Members of the House Oversight and Investigations Committee spent part of Tuesday grilling experts on the 'disparate impact legal theory' utilized in various lending discrimination cases.

Essentially, the panel picked up where the U.S. Supreme Court left off earlier this month.

Having House members take up the issue suggests the lending community is now dependent on the legislative branch's interpretation of disparate impact.

“It doesn’t appear that the Supreme Court will have the opportunity to analyze this issue because the plaintiffs keep getting bought off," said Larry Platt, a partner at K&L Gates.

Platt has been following the disparate impact challenge for years. Attorneys in his firm even filed a ‘friend of the court brief’ with the Supreme Court in a key case on this issue.

That key case -- Township of Mount Holly v. Mt. Holly Gardens Citizens -- was set to bring the issue before the Supreme Court, but the plaintiffs settled in November. Another major case  — Magner v. Gallagher — also was on the court’s docket but settled at the last minute.

Platt doesn’t rule out the possibility that Congress took up the issue after the Supreme Court cases fell through.

Without a Supreme Court hearing, legislation is the primary way to establish 'intentional discrimination' as the legal standard, he noted. But, the attorney added, "I don’t think it’s likely legislation would pass both branches of Congress at this point."

The theory of disparate impact allows regulators and plaintiffs to sue under the Fair Housing Act and other ‘discrimination-focused’ laws using the legal theory that a particular lending scheme – although unintentional – had a disparate impact on a minority group.

Attorneys representing the lending community have long pushed for disparate impact not to apply in discrimination cases. Instead, they want a neutral standard that only recognizes "intentional acts of discrimination."

Legal experts speaking in front of the Congressional committee warned that ‘disparate impact’ alone creates other constitutional issues and could potentially tax resources that are better spent on cases of clear ‘intentional discrimination.”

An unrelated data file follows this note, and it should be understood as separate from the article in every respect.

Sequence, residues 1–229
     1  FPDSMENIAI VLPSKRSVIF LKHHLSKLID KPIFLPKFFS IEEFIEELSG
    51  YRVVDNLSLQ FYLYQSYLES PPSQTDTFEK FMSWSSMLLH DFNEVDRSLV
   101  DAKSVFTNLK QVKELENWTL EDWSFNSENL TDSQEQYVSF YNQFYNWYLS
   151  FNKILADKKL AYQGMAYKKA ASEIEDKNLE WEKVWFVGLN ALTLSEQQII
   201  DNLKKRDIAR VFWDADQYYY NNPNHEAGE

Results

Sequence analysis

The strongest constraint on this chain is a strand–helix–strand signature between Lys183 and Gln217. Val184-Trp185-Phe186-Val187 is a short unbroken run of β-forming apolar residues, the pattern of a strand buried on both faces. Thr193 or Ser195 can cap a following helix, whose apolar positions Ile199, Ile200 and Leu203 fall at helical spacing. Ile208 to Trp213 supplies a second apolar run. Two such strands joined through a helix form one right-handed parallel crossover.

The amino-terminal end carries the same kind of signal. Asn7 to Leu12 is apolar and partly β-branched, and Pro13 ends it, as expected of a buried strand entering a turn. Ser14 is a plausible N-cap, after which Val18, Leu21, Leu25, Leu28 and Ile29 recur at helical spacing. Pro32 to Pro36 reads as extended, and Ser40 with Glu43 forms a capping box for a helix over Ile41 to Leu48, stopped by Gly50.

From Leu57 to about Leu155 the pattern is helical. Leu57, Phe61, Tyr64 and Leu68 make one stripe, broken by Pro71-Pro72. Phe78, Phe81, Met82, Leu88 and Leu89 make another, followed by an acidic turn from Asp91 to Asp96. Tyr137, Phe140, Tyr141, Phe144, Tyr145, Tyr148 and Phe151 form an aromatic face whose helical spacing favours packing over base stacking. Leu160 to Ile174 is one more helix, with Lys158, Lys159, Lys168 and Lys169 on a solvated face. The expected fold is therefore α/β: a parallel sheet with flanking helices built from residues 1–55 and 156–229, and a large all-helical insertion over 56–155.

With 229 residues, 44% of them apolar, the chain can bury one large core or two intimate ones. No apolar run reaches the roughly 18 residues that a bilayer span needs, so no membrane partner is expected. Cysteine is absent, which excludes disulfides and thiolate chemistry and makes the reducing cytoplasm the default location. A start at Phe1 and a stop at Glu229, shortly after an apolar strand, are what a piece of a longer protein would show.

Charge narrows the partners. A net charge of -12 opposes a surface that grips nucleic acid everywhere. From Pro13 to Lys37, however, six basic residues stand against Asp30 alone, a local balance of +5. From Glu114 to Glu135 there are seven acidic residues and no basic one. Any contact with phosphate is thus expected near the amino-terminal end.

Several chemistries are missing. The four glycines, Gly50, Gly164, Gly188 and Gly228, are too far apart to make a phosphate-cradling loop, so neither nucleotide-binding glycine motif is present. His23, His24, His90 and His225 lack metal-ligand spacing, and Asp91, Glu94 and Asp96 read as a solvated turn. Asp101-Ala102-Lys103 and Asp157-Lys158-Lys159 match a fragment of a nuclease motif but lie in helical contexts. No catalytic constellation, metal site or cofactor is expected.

"It’s not as if our civil rights enforcement agents have so much in funds that they can look for exotic and extraneous cases," said Kenneth Marcus, president and general counsel for the Louis D. Brandeis Center for Human Rights Law.

While testifying Tuesday, he said the inclusion of disparate impact could send agents on a costly hunt for cases, making agencies less effective in dealing with cases of clear, intentional discrimination.

“It means that at the end of the day, you are not able to do an effective job of enforcing any discrimination cases," he told the panel.

Peter Kirsanow, a member of the U.S. Commission on Civil Rights, told the panel that Congress never included the disparate impact legal theory in the Fair Housing Act.

He also warned that a legal theory, which forces lenders to take certain lending actions to avoid disparate impact conflicts, could cause violations of the Constitution’s Equal Protection clause if different lending standards end up leading to racial quotas.

"I certainly oppose disparate treatment in housing because of membership in a protected class," Kirsanow said. “However, the proposed rule’s focus on disparate impact and the almost complete absence of a discussion of disparate treatment suggests that people are being discriminated against on the basis of their pocketbooks."

He added, "To argue that housing discrimination is pervasive because members of a protected class are less likely to be able to afford housing that is the size they want or in a more genteel area is bizarre."